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4.35  ·  Rating details ·  119 ratings  ·  19 reviews
Flèche (the French word for 'arrow') is an offensive technique commonly used in fencing, a sport of Mary Jean Chan's young adult years, when she competed locally and internationally for her home city, Hong Kong. This cross-linguistic pun presents the queer, non-white body as both vulnerable ('flesh') and weaponised ('flèche'), and evokes the difficulties of reconciling ...more
Paperback, 88 pages
Published July 4th 2019 by Faber Faber (first published July 2nd 2019)
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Average rating 4.35  · 
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Nov 04, 2019 rated it really liked it
Shelves: poetry, lgbt
A fantastic debut collection, Flèche is a very moving collection of poems about dislocation, queerness and love. Chan is bilingual in English and Cantonese, and these poems explore moving through two languages, English as a imperialist tool, and how speaking different languages in different aspects of one's life create a sense of splitting. It's also a very nuanced and thought-provoking portrait of relationships with family, particularly the mother and daughter relationship. The mother in these ...more
Bianca St.
a wonderful collection to have as my first poetry read of 2020!
Exquisite poems of love and longing, with the speaker’s loyalties always split between head and heart, flesh and spirit. Over it all presides the figure of a mother – not just Chan’s mother, who had difficulty accepting that her daughter was a lesbian, but also the relationship to the mother tongue (Chinese) and the mother country (Hong Kong). In form the poems range from prose paragraphs to aphoristic lines, and from stanzas to columns. Fencing terms are used for structure. I was impressed by ...more
Paul "Axl" Hurman
Jul 11, 2019 rated it really liked it
Some really strong, affecting stuff in here, but for me it tailed off a bit towards the end and didn't quite keep the quality up in the final third section. Still, overall, a strong first collection.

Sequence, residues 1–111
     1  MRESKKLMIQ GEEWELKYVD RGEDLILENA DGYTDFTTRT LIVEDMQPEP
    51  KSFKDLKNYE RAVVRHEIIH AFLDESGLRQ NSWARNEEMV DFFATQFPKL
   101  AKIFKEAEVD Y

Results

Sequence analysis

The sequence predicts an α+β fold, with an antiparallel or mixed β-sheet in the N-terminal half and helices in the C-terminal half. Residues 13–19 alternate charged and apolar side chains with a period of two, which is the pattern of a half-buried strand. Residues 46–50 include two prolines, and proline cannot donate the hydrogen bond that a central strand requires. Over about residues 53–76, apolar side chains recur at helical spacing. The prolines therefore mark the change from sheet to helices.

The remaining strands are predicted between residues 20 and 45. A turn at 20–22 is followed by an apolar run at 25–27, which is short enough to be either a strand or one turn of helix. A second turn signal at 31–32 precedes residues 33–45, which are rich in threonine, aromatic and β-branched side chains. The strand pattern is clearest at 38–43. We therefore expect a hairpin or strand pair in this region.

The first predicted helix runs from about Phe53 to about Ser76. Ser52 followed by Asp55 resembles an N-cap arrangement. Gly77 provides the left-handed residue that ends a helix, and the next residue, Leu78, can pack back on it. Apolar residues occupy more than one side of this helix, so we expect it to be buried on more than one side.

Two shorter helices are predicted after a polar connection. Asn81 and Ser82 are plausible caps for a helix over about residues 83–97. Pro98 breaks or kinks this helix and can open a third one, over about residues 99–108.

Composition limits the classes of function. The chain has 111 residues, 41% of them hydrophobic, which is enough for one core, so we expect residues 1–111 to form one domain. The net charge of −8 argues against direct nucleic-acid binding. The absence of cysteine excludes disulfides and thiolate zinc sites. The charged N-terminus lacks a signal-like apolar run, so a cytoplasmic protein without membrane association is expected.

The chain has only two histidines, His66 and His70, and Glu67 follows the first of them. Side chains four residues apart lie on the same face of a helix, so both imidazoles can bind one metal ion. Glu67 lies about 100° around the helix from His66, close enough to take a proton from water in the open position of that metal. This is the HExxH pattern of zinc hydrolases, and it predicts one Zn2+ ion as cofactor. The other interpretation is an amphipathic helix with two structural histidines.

Jun 15, 2019 rated it it was amazing  ·  review of another edition
This review has been hidden because it contains spoilers. To view it, click here.
Angharad Morgan
Dec 28, 2019 rated it it was amazing
Shelves: 2019-reads
I don't often write reviews on Goodreads and already know that I can't do justice to this incredible book, but I wanted to sing about it from the rooftops and definitely thought I should supplement the five stars. This is one of the best - potentially THE best - of the poetry collections I've read in the last few years since falling in love with poetry. It's so expertly put together from lots of different intricate ideas, thoughts and emotions. I'll be re-reading this, gifting it and buying it ...more
Erica G
Jun 04, 2019 rated it it was amazing  ·  review of another edition
This is one of the most beautiful, exacting poetry collections I’ve ever read and I love almost every poem. When it comes out on 4th July, get yourself a copy ASAP!
Jan 11, 2020 rated it really liked it
Shelves: poetry
This is Mary Jean Chan’s debut collection, Flèche. It's rather good.

A series of poems about identity and growing comfortable with oneself in the face of a world inclined to try and put you into boxes. A place where you are as unforgiving of yourself until you can forgive yourself even if you've nothing to forgive yourself for.

"I felt as if her voice was a sign/for me to finally relinquish/my own cruelty/towards myself/how strange to think/I've been looking everywhere/for forgiveness/and all it
Jay Moran
Aug 30, 2019 rated it it was amazing
if you looked within me now, you'd see
that my languages are like roots
gnarled in soil, one and indivisible
except the world divides me endlessly
From the poem Wish (pg.64)